"Besides doing scientific research, I was also in charge of calculating the costs and the risks of projects," said Schächtele. His sensitivity for economic issues also helped him when Gödecke AG decided to suspend its drug development activities. Together with his research supervisor, Prof. Dr. Dieter Marmé, Schächtele moved to the newly established Tumour Biology Centre in Freiburg in 1994 where he continued his research. The know-how accumulated during his work at Gödecke and the equipment he received from the company was put to good use in the research that was being done in the Tumour Biology Centre. A project focusing on tumour angiogenesis carried out in cooperation with Ciba-Geigy (now Novartis) in Basel secured the required financial resources. In 2001, Schächtele was instrumental in the establishment of ProQinase as a subsidiary of the Tumour Biology Centre.
ProQinase GmbH's initial concept was to offer services in the field of protein kinase research. The company still produces protein kinases and commercialises them on the pharmaceutical and biotechnology market. However, it also carries out high-throughput testing of the effect of potential protein kinase inhibitors. Researchers use tumour cells or mice with implanted tumours to test whether these substances have the desired effect on cellular processes such as apoptosis, growth or the migration of tumour cells. The venture capital market crisis around 2000 prevented the company from focusing on proprietary drug development. "However, it was always our policy to reinvest our revenue in the further promotion of own research," said Schächtele. In 2003, the company entered a strategic partnership with the chemistry company 4SC in Martinsried. And today, Schächtele has come a step closer to his dream.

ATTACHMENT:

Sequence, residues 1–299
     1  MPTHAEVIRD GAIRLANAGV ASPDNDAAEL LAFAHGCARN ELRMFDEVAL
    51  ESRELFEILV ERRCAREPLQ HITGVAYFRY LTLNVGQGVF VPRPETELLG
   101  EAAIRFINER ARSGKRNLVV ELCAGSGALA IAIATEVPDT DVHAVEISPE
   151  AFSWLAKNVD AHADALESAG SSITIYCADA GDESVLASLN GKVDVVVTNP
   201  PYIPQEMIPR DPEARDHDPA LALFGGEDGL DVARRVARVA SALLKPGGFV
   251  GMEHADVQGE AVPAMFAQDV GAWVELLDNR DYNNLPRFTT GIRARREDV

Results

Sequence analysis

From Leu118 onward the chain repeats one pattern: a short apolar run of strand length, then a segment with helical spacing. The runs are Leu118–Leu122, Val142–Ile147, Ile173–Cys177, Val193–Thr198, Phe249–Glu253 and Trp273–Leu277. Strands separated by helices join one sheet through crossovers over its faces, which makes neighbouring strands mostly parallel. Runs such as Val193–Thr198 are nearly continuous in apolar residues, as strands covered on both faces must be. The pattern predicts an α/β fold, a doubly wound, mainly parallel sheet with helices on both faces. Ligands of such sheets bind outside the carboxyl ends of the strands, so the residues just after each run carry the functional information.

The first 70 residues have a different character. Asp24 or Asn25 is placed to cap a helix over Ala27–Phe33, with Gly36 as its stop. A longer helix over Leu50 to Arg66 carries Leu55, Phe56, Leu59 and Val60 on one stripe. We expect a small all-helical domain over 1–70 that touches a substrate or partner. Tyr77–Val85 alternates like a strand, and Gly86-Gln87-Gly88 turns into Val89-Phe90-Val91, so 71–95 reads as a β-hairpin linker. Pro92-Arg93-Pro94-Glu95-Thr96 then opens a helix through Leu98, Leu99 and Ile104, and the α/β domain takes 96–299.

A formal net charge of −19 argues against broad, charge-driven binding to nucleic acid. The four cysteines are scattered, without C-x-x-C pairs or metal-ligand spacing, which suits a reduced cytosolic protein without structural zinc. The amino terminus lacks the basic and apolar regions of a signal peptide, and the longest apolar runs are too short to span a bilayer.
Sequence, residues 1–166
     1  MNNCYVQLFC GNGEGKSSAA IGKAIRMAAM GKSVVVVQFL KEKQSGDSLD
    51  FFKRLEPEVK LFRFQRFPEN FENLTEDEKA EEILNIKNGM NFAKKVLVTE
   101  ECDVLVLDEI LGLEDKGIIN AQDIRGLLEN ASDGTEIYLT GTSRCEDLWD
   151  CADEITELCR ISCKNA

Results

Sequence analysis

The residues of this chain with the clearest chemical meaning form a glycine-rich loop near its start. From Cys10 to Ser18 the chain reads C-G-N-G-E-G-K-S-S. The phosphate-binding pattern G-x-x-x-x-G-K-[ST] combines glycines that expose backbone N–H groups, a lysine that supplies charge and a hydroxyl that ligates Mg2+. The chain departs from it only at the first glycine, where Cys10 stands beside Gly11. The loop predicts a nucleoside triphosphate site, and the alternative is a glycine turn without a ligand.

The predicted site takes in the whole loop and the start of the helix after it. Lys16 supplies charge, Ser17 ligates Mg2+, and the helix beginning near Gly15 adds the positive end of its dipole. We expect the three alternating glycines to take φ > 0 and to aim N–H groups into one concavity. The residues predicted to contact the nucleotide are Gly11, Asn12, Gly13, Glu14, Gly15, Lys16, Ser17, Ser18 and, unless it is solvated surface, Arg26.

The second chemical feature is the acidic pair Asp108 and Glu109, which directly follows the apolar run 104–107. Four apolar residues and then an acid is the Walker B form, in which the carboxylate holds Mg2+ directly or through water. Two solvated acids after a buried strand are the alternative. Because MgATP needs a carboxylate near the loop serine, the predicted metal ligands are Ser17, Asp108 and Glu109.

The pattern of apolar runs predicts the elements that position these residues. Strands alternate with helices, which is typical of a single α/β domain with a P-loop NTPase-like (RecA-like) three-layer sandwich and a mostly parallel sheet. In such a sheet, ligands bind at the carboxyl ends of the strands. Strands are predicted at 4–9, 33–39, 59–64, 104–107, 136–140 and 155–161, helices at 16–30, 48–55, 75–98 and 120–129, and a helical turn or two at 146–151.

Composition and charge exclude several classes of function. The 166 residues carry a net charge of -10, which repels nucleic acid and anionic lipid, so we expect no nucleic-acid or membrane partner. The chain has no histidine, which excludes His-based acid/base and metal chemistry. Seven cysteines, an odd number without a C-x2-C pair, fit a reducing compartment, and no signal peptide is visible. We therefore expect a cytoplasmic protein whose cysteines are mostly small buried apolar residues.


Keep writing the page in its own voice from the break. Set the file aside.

Schächtele and his team’s research led to the discovery of an inhibitor of the protein kinase Flt3, which plays an important role in a certain type of leukaemia. This inhibitor has proved so effective in tests that Schächtele envisages that the inhibitor will enter clinical testing this year. “I imagine that the dream of any scientist working in drug research is to be able to achieve marketing authorisation for at least one substance,” said Schächtele. “I still have ten years before retirement, so I still have this chance.” But Schächtele is aware that the development of the drug can fail. “In this area, you need to be able to cope with a lot of frustration,” said Schächtele laughing. “It’s only when you really enjoy the work process, that you find the strength to go through with it all.” Schächtele now believes that he found the right profession. The mix of management and science suits his talents perfectly. He wouldn’t like to have to give up any one of the two. And his work at the Tumour Biology Centre continuously enables him to work on an issue that is still close to his heart: the close contact he has with tumour patients not only gives him the daily motivation to continue searching for drugs, he is also able to use his didactic talent when giving talks or when guiding visitors around his research department.
Further information:Dr. Christoph Schächtele Tumour Biology CentreVisitor's address:ProQinase GmbHLehener Str. 8679106 FreiburgPhone: +49-761-206-1710 Fax: +49-761-206-1781E-mail: c.schaechtele(at)proqinase.com